Two Years After Executive Order, Guantanamo Periodic Review Board Proceedings Yet to Begin
Washington, D.C. – This Thursday, March 7, marks the two-year anniversary of the President’s Executive Order governing periodic reviews of Guantanamo detainees. To mark the anniversary, Retired Rear Admiral Don Guter issued the following statement:
“The administration promised additional due process for Guantanamo detainees, but these reviews are way behind schedule. They should have started a year ago according to the president’s own executive order. By missing even self-imposed deadlines, the administration is reinforcing the notion that it has lost control over Guantanamo policy. It’s time now for the president to task a senior-level White House official with managing the policymaking process on Guantanamo issues. This official should ensure that the periodic reviews of Guantanamo detainees commence immediately, and with robust procedural safeguards. The official should also ensure that the administration uses its waiver authority to transfer those detainees that have been cleared for transfer by the Guantanamo detainee review task force.”
On March 7, 2011, President Obama signed an executive order establishing additional review procedures for Guantanamo detainees to determine if continued detention is warranted. The review procedures, consisting of an initial hearing with an interagency Periodic Review Board (PRB), were to have begun one year ago, as mandated by the executive order. However, the Obama Administration has not announced when the PRB hearings will begin or what procedures will govern the hearings.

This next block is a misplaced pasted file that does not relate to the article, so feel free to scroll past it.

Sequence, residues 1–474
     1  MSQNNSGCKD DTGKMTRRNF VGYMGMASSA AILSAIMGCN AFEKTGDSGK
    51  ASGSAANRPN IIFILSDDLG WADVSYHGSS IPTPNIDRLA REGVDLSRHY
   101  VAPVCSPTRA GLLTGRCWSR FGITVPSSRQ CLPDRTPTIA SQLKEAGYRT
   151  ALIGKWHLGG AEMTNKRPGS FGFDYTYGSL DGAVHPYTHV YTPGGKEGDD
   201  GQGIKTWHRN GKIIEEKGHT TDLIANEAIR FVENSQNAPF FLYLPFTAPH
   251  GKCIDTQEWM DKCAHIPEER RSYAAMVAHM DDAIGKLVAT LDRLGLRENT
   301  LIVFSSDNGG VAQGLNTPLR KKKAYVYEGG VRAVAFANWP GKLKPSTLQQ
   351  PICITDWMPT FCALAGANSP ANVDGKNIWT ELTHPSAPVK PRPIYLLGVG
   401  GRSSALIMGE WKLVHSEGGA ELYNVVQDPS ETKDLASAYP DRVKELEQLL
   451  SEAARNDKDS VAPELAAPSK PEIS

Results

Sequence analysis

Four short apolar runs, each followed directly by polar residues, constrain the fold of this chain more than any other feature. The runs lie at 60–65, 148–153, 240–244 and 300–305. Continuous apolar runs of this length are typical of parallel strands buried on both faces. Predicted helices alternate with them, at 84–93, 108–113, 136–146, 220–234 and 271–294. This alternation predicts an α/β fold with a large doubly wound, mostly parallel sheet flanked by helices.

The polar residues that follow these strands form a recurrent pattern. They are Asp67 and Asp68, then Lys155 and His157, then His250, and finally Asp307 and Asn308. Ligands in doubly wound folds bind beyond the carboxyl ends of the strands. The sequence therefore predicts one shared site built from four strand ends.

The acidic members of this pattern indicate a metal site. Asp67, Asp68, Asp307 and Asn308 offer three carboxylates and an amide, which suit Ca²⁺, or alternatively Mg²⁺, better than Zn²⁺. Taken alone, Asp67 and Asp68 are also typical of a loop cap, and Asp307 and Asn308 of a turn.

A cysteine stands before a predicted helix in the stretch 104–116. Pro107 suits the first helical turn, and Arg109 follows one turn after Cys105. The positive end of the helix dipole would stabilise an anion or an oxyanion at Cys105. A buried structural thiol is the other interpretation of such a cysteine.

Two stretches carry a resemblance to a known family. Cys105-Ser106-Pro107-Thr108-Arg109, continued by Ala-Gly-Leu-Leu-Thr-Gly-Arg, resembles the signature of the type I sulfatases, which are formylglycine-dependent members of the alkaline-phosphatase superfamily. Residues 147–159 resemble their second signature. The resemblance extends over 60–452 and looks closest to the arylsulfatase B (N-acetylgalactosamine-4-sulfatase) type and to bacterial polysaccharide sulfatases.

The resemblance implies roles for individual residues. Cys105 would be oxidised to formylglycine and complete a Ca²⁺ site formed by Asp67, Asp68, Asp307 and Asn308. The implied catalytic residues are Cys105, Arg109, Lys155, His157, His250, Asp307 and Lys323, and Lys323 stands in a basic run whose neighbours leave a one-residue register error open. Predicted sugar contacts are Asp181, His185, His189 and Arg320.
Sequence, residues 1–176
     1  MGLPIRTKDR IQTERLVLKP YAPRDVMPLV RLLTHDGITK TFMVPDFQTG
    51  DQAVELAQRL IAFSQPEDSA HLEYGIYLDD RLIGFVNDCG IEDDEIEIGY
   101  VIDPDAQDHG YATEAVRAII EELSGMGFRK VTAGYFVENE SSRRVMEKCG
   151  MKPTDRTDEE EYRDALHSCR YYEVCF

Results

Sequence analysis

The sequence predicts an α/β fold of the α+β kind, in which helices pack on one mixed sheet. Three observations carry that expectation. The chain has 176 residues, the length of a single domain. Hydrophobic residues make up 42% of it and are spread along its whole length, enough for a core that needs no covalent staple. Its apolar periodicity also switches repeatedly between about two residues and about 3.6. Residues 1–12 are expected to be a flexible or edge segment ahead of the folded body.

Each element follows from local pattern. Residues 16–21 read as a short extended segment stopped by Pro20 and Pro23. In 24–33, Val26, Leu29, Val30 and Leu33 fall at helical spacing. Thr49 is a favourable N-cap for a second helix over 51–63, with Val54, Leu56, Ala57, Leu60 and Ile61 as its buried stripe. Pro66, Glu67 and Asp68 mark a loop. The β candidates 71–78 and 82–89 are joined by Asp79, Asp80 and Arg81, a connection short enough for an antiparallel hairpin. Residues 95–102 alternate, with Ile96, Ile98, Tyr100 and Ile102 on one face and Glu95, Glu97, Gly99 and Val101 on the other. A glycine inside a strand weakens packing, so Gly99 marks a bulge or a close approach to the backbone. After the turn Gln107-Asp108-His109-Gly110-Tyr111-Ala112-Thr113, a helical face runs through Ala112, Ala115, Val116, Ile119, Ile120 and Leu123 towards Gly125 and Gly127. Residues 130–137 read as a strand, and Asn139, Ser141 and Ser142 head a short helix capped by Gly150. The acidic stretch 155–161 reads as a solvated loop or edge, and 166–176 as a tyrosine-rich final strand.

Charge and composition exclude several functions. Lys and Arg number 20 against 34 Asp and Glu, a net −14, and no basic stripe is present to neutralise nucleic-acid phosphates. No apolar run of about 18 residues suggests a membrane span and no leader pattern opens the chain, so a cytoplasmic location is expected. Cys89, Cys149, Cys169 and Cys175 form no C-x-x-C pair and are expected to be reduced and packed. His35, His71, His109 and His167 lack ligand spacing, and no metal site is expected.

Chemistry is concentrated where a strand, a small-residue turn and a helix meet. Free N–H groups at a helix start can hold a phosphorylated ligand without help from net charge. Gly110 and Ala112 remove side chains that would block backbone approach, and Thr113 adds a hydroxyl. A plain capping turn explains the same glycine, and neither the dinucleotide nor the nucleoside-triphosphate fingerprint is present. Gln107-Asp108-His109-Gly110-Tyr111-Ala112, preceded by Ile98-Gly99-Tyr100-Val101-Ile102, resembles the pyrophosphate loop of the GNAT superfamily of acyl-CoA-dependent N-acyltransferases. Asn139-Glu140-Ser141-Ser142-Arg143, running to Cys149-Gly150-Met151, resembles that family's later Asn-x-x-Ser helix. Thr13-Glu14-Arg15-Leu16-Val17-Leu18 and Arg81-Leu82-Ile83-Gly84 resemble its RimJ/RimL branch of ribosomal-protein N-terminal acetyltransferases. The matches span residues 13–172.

All the while, the administration retains substantial authority to transfer 86 Guantanamo detainees who have been unanimously cleared for transfer by the interagency Guantanamo detainee review taskforce that included all the relevant security and intelligence agencies. As 15 retired generals and admirals have emphasized, congressionally-established waiver authority now allows the administration to certify many transfers that were previously prohibited by Congress.
For additional details on a practical path towards closing the detention facility at Guantanamo Bay, see Human Rights First’s recent blueprint on How to Close Guantanamo.